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Enterprise IT, News - Written by Renai LeMay on Tuesday, April 17, 2012 14:04 - 6 Comments
NSW Govt may scrap IT shared services units
blog According to the Financial Review, the New South Wales Government has indicated it may follow in the footsteps of fellow states Queensland and Western Australia and drastically re-work its IT shared services strategy, in the wake of questionable benefits having flowed from the scheme.
It’s never been a very transparent strategy — and the previous Labor Government in NSW definitely didn’t enjoy answering questions on the matter — but for several years now the state has focused on delivering IT services to a number of agencies through several shared services divisions, including ServiceFirst, which was quietly created from the mergers of a number of agencies in 2008, BusinessLink and one or two others. However, the Financial Review revealed this morning in an extensive interview with NSW Finance Minister Greg Pearce (click here for the full article) that the IT shared services strategy may be changing dramatically — and soon. According to the AFR, Pearce said:
“What we’ve done is essentially stopped a lot of the shared services work that was going on,” he said. “We’re looking very hard at BusinessLink and ServiceFirst and whether we should be in that business at all or how to get value if we stay.”
As you may recall, on Delimiter I have argued very strongly that IT shared services models in Australian governments are fundamentally broken and need to evolve. From Victoria to Queensland and of course Western Australia, Australian states have comprehensively proven by now that the IT shared services model as it is currently understood simply does not work well in Australia. The evidence for this is contained in a series of audit reports issued by the various state auditor-generals over the past half-decade. They literally document five years of disasters in the space.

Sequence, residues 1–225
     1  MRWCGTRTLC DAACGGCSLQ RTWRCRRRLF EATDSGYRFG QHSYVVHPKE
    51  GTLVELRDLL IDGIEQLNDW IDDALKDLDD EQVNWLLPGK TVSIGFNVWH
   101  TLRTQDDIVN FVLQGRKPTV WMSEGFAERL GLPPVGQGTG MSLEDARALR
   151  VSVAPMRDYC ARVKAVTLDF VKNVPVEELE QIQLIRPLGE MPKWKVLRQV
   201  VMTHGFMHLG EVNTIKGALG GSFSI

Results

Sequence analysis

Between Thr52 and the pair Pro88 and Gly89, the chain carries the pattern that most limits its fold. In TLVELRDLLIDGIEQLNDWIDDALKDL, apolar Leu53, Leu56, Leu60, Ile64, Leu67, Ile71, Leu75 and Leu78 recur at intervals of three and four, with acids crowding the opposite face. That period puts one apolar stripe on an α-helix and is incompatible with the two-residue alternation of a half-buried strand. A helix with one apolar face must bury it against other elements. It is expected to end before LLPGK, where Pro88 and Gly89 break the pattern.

If the NSW Government walks away from the IT shared services model it will be the third Australian state government to do so in a year, following similar moves by Western Australia and Queensland. In addition, Victoria’s own model is similarly in question. I hardly need to go into the problems which have been suffered by its IT shared services agency CenITex at this point — they are already legend within Australia’s IT industry. Perhaps the only state government which has appear to be relatively successful at IT shared services is the Australian Capital Territory with its InTACT unit. But … we haven’t heard much from the ACT in this area in a while. Perhaps the house is burning down there too.
I actually don’t have a great deal of confidence that NSW’s new Coalition State Government can pull the state out of its deep hole when it comes to delivering IT projects. So far, every indication has been that the O’Farrell Government understands this area as little as the previous Labor governments. But I suppose one can hope. Hope may just be the only thing which public sector IT workers have left at this point.